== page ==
What is a Dolly Zoom? Does it Work on a Drone?
The Dolly Zoom Effect is created when you physically move the camera towards or away from your subject whilst zooming the lens away from or into them respectively. This allows the subject to visually keep the same proportions whilst the background dramatically shifts. A cool effect that should be used sparingly!
Remember this scene in Jaws from the late 1970's? It was an iconic clip where Chief Brody sees the shark for the first time. The dolly zoom effect really emphasised the realisation in the chief as the effect drew the onlooker straight to his facial expression.
Creating the Dolly Zoom/Vertigo Effect with a Drone
In the Jaws scene above, the camera needed to be placed on rails so that it could glide effortlessly to the subject. A camera operator more than likely had to physically zoom the lens whilst doing so. I imagine that this took a number of "takes" to get right.
Now that we shoot digitally with ever increasing pixel density in the cameras, thankfully this effect can be done in post-production. You still need to move the camera towards or away from the subject but you are able to create the dolly effect during editing.
Modern drones such as the DJI Mavic 3 not only fly with great precision and stability, they also shoot 5k video.
Why Does 5k Matter?
The image above shows the difference between 5.1k video and 1080p video. The space in between illustrates just how much you can zoom in during editing to get that dolly zoom effect. This only works if you are outputting to 1080p.
People often say "why do I need 8k in a camera"? Well, the image below shows the difference between 8k, 5.1k, 4k and 1080p.
So again, let's say you are filming in 8k and outputting to 1080p. Just look at the range that difference will give you for an epic dolly zoom effect! Shooting in 8k will also give you a superb zoom range if outputting to 4k.
That's just one of a few reasons why creatives long for higher resolution sensors in their cameras.
The Dolly Zoom Effect (or Vertigo Effect) Technique
3 Steps to Shooting Dolly Zooms with Drones
Set up your shot
Make sure you have enough battery power for multiple takes and check the wind. Also make sure you are able to fly safely and legally. Have the camera set to its highest resolution and ensure you have the correct exposure set. Fly to the starting position and hover. Is it stable? Good, move to step 2.
Start your manoeuvre
Press record. You don't want to make a PERFECT test run without filming only to struggle later on due to weather changes or concerned public distracting you etc.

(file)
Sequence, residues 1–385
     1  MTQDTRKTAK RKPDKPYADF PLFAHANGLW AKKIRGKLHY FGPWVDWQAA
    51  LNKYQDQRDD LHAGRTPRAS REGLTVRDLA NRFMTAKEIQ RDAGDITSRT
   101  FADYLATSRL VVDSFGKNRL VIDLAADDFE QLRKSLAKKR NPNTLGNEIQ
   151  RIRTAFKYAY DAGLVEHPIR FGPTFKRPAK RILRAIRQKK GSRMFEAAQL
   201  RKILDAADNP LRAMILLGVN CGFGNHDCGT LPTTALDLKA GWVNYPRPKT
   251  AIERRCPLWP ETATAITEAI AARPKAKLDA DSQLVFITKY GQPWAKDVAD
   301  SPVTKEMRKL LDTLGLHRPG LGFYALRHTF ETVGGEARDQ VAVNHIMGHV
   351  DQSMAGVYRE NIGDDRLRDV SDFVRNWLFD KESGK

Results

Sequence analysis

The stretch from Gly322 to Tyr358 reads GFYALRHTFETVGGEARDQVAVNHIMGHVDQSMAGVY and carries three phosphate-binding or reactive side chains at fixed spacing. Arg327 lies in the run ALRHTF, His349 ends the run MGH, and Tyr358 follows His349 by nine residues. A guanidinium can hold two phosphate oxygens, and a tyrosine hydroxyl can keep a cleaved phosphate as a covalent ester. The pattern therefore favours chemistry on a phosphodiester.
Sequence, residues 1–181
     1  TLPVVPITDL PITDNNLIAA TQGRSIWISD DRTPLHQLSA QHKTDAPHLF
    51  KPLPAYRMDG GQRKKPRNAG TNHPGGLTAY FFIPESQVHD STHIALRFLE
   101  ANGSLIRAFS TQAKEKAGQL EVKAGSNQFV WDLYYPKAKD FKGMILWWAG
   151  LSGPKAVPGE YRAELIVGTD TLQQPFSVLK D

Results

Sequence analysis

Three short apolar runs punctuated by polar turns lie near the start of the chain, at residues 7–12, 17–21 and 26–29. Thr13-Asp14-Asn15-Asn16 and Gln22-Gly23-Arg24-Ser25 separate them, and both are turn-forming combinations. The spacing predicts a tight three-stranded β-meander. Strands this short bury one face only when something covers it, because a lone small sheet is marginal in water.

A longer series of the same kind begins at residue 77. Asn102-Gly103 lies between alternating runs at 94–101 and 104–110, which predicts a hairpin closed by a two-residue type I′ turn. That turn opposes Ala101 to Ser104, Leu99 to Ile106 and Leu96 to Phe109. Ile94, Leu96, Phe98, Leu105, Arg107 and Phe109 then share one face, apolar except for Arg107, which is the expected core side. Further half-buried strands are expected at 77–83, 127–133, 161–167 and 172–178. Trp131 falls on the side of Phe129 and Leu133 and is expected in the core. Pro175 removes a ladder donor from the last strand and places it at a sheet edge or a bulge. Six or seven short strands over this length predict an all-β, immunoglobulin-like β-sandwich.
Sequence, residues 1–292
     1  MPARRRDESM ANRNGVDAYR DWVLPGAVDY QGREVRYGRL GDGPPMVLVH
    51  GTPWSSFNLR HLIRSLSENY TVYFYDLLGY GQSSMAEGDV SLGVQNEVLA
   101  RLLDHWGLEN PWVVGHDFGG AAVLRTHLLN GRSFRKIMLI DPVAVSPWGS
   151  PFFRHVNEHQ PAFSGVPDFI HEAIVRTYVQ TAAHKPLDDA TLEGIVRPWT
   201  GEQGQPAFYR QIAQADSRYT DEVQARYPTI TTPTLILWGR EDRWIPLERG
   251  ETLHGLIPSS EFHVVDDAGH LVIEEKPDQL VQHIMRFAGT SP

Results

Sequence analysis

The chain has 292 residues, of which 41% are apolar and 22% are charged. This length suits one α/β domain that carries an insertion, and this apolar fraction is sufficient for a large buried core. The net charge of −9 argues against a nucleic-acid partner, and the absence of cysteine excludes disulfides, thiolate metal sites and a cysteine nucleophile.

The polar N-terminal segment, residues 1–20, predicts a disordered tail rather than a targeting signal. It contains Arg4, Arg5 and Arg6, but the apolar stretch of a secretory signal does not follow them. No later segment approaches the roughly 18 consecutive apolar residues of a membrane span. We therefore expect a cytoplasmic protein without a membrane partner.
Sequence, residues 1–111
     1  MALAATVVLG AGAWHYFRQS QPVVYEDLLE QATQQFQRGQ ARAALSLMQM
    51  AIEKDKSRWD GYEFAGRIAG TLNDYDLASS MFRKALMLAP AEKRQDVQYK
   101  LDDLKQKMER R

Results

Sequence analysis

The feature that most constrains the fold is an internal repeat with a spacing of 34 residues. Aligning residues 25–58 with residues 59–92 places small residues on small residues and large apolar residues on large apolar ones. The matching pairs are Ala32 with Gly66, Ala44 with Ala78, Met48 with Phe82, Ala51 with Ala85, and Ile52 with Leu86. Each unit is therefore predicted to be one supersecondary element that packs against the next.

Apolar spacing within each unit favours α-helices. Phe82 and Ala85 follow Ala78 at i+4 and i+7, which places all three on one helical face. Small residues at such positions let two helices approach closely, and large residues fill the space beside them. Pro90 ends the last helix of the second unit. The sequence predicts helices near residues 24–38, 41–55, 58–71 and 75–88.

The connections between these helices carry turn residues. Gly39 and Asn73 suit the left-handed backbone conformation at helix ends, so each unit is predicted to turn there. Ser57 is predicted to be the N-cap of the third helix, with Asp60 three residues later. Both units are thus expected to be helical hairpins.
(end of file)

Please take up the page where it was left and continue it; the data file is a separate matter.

Place the centre of the screen directly onto the subject and adjust the camera angle accordingly. Start flying a little way out so you can make fine adjustments to your trajectory.
Fly towards the subject and stop at the desired end point. Is the centre of the subject in the centre of the frame at the end point? If not, do it again. If it is, stay where you are and do another take but this time moving away from the subject.
Take multiple shots until you are happy with a few results.
As in the video on this page, most of the work is done in editing when creating the dolly zoom effect with digital. Load all of your clips onto your timeline and find your favourite.
If you were flying TOWARDS the subject, go to the end point and add a keyframe. Also look to see how much of the frame the subject fills.
Go back to the first frame and create another keyframe if there isn't one there already. You now need to open the crop tool and crop this first frame in to match the last frame.
Check the result. If it works first time, bingo! Is there some some "breathing" visible where the subject moves in and out a little? If so, create as many additional keyframes to correct the position and check the result.
If it now looks exactly how you want it, render it out and add to your production or simply show it off to your friends!
As we discussed earlier, to get the best from this effect, you need smooth, consistent movement. A camera on rails gives you this. However, you are hindered by the need to zoom the lens at the same time which can be tricky.
Modern drones such as the DJI Mavic 3 or DJI Air 2s, both amazing UAV's, can achieve this. Not only do they both shoot 5.1k and 5.4k respectively, they also fly really, really well. Even on a day with a light breeze, they will fly straight and with fluidity and precision towards your subject.
Hopefully you have watched the video above and seen this in action.
Get Out and Practice
Is the weather good today? What's stopping you from trying this out? Grab your drone, find somewhere suitable and preferably clear of people and fly.
...and have fun!
Recommended Kit for Dolly Zooms with a Drone
So I hope you enjoyed this quick tutorial on how to create the dolly zoom effect with a drone? If so, please comment below.